Twelve billion web pages… and most of them talking about themselves, saying nothing that’s easy to understand in a blink…
It’s not unlike Alice in Wonderland, it can be anything you want it to be. I’m reading a good book called Letting Go of the Words, by Ginny Redish.
This is a really good book for anyone charged with writing on the Web. In fact, it’s a must-read for anyone with a website or blog. If you’re a fan of usability and you’d like to improve your site’s performance with better writing, definitely get this book.
Here’s what two really smart people who know the web well say about this book:
“…the book meets a major, previously unmet need of a very large audience: almost everyone who works on a web site. As Ginny points out, good writing is a critical success factor for every web site, and the really good book about how to write for the web just doesn’t exist. Personally, I’ve been waiting for it for years, because I didn’t want to write it myself.” — Steve Krug, author of Don’t Make Me Think!
“Redish has done her homework and created a thorough overview of the issues in writing for the Web. Ironically, I must recommend that you read her every word so that you can find out why your customers won’t read very many words on your website — and what to do about it.” –Jakob Nielsen, Principal, Nielsen Norman Group
Top 10 Web Writing Tips
Even though Redish makes a big point that on the Web people are skimmers and scanners and most people won’t read every word, she does give excellent advice in Chapter 8 called Tuning Up Your Sentences. Here are 10 writing tips that I whole-heartedly endorse:
- Talk to your site visitors, use “you…”
- Show that you are a person and that your organization includes people (even if you’re in a mega-corporation, people do business with other people, so get personal, get real)
- Write in the active voice most of the time
- Write simple, short, straightforward sentences
- Cut out all unnecessary words
- Give extra information its own place (another page? a footnote?)
- Keep paragraphs short (really short, like no more than 2 long sentence or 3 short ones, or less because it’s easier to read)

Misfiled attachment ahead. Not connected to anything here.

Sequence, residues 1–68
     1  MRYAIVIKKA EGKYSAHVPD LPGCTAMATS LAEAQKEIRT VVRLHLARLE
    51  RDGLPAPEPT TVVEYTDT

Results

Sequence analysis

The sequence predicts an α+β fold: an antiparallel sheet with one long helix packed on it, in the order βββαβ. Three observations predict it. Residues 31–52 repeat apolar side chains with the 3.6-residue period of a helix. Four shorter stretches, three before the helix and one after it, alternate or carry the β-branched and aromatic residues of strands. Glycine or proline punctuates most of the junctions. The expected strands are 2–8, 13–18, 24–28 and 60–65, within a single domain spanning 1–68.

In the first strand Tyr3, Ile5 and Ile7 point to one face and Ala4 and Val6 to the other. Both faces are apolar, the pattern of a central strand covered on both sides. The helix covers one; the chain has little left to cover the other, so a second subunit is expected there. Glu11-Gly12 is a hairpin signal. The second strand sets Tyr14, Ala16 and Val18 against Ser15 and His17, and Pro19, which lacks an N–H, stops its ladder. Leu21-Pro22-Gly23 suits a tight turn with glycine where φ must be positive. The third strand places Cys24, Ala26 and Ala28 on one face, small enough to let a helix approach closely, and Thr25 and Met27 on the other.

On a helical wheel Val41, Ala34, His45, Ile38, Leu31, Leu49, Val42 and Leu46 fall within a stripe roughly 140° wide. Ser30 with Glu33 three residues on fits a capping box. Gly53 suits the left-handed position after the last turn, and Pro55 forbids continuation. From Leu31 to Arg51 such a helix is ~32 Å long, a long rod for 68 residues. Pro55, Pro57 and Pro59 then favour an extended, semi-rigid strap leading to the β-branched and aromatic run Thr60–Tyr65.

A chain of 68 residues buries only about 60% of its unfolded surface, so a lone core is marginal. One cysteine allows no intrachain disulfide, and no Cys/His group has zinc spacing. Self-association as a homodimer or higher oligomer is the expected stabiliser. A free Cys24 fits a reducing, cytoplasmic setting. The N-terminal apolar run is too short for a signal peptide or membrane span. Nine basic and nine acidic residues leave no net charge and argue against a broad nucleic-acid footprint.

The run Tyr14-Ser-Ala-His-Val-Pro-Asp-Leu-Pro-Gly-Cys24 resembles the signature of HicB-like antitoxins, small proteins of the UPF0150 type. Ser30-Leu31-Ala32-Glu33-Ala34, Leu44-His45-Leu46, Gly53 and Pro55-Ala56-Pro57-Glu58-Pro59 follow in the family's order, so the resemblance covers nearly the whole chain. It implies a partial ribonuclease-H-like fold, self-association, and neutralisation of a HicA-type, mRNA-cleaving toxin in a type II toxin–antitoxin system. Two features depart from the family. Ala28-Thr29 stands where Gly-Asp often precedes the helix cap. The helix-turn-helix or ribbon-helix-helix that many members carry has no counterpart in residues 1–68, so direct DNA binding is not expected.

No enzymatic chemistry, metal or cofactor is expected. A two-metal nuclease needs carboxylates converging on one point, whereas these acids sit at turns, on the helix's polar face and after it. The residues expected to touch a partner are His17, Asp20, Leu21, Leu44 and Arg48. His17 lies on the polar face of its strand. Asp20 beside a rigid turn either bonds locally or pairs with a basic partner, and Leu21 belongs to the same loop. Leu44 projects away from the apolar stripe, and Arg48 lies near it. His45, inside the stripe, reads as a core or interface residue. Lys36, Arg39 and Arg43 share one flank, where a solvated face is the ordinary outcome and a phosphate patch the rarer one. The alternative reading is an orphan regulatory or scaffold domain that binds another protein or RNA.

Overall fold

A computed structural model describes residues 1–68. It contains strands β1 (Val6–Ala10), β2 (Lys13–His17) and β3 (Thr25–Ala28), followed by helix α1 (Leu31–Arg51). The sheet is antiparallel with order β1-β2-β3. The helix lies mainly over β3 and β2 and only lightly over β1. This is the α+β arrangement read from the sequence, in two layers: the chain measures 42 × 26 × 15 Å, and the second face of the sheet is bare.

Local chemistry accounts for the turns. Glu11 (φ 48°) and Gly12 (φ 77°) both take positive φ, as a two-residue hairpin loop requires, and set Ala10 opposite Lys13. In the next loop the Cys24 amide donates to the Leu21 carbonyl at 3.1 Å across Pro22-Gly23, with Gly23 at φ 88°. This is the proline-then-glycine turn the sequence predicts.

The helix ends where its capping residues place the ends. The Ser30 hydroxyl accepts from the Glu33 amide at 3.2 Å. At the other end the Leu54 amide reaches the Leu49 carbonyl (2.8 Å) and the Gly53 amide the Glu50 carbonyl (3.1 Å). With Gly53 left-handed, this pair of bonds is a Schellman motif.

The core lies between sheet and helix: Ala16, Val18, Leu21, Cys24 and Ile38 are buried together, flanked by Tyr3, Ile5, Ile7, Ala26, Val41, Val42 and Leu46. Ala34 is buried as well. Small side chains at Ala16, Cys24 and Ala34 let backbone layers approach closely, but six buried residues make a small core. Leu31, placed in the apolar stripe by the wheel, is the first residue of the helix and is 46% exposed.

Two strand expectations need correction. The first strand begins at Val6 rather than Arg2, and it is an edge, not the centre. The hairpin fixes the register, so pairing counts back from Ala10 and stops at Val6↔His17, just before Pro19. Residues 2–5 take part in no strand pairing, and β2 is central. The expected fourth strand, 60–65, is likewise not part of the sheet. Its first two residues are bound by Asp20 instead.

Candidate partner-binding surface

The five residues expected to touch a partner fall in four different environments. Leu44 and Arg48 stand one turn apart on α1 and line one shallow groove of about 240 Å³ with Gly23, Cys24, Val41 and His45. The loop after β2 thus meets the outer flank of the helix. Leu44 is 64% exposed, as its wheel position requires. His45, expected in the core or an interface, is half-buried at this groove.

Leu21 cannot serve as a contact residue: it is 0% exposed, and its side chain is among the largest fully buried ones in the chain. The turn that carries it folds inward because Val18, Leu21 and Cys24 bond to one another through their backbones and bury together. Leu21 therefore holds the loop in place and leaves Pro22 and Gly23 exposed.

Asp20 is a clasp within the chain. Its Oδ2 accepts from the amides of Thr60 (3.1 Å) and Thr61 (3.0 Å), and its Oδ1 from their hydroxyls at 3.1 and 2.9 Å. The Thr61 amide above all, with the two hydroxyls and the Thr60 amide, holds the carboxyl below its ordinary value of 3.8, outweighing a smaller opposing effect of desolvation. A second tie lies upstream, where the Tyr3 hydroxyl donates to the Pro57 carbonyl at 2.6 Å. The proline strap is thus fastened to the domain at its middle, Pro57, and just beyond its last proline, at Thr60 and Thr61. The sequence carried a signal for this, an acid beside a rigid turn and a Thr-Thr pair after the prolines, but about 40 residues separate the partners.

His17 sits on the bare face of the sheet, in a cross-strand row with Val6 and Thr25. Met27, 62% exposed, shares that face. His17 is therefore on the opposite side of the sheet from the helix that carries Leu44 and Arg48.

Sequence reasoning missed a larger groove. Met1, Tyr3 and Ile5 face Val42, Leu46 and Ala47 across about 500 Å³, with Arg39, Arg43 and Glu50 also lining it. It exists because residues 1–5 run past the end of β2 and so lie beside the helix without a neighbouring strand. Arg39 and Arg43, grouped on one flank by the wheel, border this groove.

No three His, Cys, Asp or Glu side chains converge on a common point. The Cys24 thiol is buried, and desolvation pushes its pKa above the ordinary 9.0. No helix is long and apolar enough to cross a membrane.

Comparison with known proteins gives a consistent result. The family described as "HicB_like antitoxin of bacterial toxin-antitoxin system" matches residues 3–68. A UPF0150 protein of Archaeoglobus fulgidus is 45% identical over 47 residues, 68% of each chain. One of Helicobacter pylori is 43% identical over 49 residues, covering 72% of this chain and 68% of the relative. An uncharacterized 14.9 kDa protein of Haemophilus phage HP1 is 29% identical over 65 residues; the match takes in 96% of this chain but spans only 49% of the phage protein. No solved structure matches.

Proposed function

- Start with the context – first things first, second things second
- Put the action in the verbs, not the nouns
- Use your web users’ words (write like they talk)
I’d add a few more things to this like start with a question and end with a question and always start from the readers point of view, what would he or she want most to know? Obviously, this requires some knowledge about your target audience, your ideal clients and customers.
People + Content = Content Marketing
There’s a whole chapter on people and the first chapter is all about content. There are plenty of studies to show that people visit to get information in a hurry, and they spend 2 minutes or less on a page.
Good web writing is like a conversation. Your content should quickly answer people’s questions and let them get on with their lives.
This is the first book I’ve seen that doesn’t address writing on the web solely from a marketing or sales point of view. This book is good at addressing all the issues.
Just the other day I was reviewing a website for a successful professional who does consulting with mid-level corporations. His site was extremely tasteful and attractive, conveying an aura of professionalism and seriousness. This is a good thing if you want to impress high-level executives in the C-suites.
But there were a couple things missing that could make the difference in a CEO or CFO or HR VP picking up the phone or not: the focus of the home page and the other pages was on the consulting firm and not:
- What benefits they provided to companies and the people within them
- There was nothing about the problems that their clients experience and the solutions they sought
- There were no case studies or stories from successful clients
- There was no profile of the consultant with his picture and story
There was a very attractive Flash banner with revolving pictures, which was somewhat mesmerizing, only it showed pictures of expensive offices without any people… the resulting impression was curious, like it would have been better suited for a furniture design site.
The human element is important, even when you’re trying to appeal to serious organizations with highly educated executives. Personality counts. This professional was trying to put his best foot forward but was actually hiding behind corporate formality.
Which isn’t to say he should go to the opposite extreme. But if your web pages aren’t presenting the authentic you, then you’re missing a great opportunity to use the Web to connect with other people on a global level.
Even though this professional was extremely outgoing and personable, his site did nothing to showcase him. It would be like a Ferrari dealer talking to you about their cars without showing you a picture of one.
When’s the last time you took a look at your web pages with an outsider’s eye? I am available for blog and web reviews, just ask me to help you see what you can’t see yourself.